Honnold said after the hearing that the Greater Yellowstone Coalition is similarly concerned that the government won't keep tabs effectively on the grizzly population if it were delisted.

Montana wildlife officials argued in a brief filed to the appellate court that the rules that protect the species on a state level would match those provided by the Endangered Species Act, and that no single rule can ensure the bears will live.

"There are vast factual differences between decisions to list a species that is in jeopardy and declining ... and decisions to delist recovered species such as the grizzly bears in (Yellowstone),'' the state of Montana wrote in an appellant brief.

"Once a species is delisted, there is no single regulatory mechanism that will assure its survival,'' it said.
the Montana-based Greater Yellowstone Coalition says they are worried the grizzlies will have reduced food supply and they want to keep increasing the numbers?...talk about idiots!!!!!
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Old 03-14-2011, 01:50 AM
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Well it seems to me they are concerned about the mortality rate of bears, after the bug destroys these trees.They want to keep population growing now, cause eventually it will stabilize at the same number when this major food source is gone.If you don't increase bear numbers now by keeping them on the list, the bug will kill off the trees before the bears have a chance to consume, get fat and have offspring and actually populate in it's numbers they are currently growing at.There is a direct result to number of offspring that a sow has every year and it coorripsonds to the nutrition value as to what the bear eats. A healthy bear may have up to 3 cubs and an unhealthy one, may not produce at all. Count in the mortality rate of the cubs per year and the number of bears that that die off of old age and the number that makes it through at the moment and the population is rising.Take away this food source and the population may just decline.Yep I agree bears are ominvours and can survive on both plants and animals. But that doesn't mean that the nutritional value is there in these other plants and animals to keep breeding a stable bear population.It may it may not. It's inconclusive at the moment. So why take the chance?At the moment Bears count on this food source for one thing, to get fat and spend the winter months sleeping and bearing young while still in their den. They need nutrition to do it. Bears aren't cougars or wolves.They don't take advantage of big game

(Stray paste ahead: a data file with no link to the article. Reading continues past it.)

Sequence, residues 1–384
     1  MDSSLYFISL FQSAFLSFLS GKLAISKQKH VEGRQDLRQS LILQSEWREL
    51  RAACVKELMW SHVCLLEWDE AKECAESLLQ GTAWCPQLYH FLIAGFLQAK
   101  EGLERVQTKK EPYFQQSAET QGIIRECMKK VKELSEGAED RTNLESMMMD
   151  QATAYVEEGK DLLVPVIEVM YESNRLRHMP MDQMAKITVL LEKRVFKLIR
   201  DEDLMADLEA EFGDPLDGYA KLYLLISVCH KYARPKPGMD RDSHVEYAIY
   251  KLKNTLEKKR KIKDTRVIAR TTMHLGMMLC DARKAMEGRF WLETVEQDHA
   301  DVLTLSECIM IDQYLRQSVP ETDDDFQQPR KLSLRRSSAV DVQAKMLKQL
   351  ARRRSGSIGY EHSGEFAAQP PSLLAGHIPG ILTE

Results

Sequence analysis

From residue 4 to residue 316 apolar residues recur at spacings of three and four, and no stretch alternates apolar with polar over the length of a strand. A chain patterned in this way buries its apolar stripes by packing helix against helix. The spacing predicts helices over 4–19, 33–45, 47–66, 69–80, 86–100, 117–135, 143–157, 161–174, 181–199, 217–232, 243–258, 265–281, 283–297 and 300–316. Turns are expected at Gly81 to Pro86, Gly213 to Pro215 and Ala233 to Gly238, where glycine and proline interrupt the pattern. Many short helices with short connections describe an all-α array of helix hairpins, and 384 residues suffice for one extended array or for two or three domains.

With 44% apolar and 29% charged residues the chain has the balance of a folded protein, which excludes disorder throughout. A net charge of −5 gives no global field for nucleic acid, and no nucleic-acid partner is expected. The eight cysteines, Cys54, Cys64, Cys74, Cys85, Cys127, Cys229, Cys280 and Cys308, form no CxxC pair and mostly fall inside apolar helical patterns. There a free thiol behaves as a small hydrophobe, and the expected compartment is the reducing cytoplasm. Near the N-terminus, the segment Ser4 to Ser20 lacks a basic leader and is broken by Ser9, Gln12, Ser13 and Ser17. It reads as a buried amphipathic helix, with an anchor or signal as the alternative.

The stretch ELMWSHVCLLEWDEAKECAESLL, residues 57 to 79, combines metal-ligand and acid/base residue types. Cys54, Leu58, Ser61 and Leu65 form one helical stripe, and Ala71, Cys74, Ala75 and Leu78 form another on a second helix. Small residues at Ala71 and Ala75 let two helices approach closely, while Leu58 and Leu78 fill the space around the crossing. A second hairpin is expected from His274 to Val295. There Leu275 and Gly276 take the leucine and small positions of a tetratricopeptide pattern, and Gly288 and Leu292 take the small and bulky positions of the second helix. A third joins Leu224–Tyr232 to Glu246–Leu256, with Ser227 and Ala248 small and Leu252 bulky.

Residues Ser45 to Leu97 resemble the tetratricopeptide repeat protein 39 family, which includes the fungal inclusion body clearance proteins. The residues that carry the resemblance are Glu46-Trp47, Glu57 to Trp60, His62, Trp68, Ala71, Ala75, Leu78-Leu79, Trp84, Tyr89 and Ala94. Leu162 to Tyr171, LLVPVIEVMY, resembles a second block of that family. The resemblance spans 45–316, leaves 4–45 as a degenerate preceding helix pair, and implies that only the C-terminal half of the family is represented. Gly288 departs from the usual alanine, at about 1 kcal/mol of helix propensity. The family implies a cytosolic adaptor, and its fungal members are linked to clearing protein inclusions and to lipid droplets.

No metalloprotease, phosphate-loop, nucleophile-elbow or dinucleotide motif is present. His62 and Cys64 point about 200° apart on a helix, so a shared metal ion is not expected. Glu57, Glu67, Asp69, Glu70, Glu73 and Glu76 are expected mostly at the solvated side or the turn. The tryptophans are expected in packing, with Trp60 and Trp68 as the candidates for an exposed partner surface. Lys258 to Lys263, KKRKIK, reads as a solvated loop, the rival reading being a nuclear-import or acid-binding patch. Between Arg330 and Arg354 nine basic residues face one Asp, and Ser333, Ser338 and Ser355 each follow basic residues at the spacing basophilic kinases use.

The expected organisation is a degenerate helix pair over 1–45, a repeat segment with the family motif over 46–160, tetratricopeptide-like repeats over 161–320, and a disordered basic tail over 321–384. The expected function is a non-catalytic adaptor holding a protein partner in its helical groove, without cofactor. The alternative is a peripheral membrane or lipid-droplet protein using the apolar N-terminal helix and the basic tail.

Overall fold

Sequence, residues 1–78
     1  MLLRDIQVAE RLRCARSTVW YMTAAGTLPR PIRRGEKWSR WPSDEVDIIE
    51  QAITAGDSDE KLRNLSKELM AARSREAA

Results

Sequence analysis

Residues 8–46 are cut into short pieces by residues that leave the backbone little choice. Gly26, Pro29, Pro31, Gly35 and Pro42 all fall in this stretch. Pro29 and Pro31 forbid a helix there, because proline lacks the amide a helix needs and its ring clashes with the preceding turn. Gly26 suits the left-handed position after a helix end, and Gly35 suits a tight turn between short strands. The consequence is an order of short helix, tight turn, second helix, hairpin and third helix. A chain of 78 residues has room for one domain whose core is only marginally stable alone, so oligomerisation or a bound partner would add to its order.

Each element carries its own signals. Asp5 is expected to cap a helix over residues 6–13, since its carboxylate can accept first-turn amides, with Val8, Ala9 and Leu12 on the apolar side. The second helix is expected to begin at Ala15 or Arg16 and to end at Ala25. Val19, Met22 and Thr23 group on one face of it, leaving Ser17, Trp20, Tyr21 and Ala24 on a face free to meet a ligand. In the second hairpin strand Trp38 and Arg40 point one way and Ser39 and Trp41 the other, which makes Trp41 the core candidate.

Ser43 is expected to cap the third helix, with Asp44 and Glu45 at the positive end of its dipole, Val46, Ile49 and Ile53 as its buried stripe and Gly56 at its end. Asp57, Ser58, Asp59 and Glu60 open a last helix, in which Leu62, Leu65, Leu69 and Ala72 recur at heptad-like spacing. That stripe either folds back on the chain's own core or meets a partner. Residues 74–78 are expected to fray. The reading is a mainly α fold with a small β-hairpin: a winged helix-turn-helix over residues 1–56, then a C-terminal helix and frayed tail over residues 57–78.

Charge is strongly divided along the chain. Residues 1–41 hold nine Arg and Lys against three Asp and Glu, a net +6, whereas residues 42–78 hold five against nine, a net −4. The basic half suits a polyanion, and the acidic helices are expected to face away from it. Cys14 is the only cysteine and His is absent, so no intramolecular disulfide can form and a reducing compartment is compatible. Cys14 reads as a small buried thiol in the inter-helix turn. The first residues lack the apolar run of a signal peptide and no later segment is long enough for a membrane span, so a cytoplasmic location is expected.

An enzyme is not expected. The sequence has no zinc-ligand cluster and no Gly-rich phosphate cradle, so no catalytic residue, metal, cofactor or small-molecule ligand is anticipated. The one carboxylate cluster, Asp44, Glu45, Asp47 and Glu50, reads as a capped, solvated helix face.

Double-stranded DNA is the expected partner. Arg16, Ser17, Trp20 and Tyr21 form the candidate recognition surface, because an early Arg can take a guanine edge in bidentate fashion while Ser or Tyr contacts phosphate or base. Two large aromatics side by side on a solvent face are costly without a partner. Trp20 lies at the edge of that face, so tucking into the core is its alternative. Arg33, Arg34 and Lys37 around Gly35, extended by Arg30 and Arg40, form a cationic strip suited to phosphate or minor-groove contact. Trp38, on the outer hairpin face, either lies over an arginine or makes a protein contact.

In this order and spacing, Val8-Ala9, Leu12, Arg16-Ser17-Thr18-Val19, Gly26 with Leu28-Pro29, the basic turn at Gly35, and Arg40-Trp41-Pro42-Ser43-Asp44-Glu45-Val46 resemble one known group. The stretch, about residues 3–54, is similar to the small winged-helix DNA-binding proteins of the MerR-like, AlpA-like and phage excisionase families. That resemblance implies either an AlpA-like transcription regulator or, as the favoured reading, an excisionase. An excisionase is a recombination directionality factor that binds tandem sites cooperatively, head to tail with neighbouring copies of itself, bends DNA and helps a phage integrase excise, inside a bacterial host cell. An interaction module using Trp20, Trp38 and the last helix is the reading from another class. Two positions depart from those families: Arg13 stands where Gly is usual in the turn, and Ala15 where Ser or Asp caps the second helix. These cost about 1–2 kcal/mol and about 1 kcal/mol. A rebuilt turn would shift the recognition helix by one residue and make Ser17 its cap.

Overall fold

animals in the winter.They are sleeping. Yeah they do kill big game and livestock but they aren't the major factor in it.They may attck the odd person,but hey, it's a dangerous game animal a species that deserves to live on, its the virtually the only big
game animal that a human can hunt or be the hunted. It deserves to have that much respect.Not only that, it brings in a substancial amount of money, just in tourism alone.Take away that bear, Yellowstone will be nothing. Take away the cougar and wolf and nobody would really notice. They go there for the bear..If one goes to the park, one has to be smarter than the bear.Of the Grizzley the cougar and wolf, the Grizzley is
deserving to live on in numbers.Hunt, or see them while your hunting, and most will reallize just how awsome these creatures are in the wild.They are pretty cool,
and it's cool to know there is something that can hunt you down.It's competition, I like it myself. I don't see it as a big deal to keep them around in a bigger number. But I already live and hunt amongst them.They aren't as bad to Ranching, Farming, Game , People Populations as people are led to believe.They have a relatively small impact when you compared to the wolf or cougar. A relatively Small impact.Intact I'll go out and say unsafe hunters tresspassers and poachers do more of an impact to the Ranching Farming Big game Hunting and fishing industry in these areas that these bears cougars and wolves roam combined, ever do.They are like sharks of the land. Pretty cool stuff.But the Grizzly Bear is nothing compared to the cougar and wolf and poacher,tresspasser and unsafe hunter.These three latter really impact cause more damage to wildlife, livestock and injuries to others than any of the 3 former animals especially the Grizzley, around some of these National Parklands.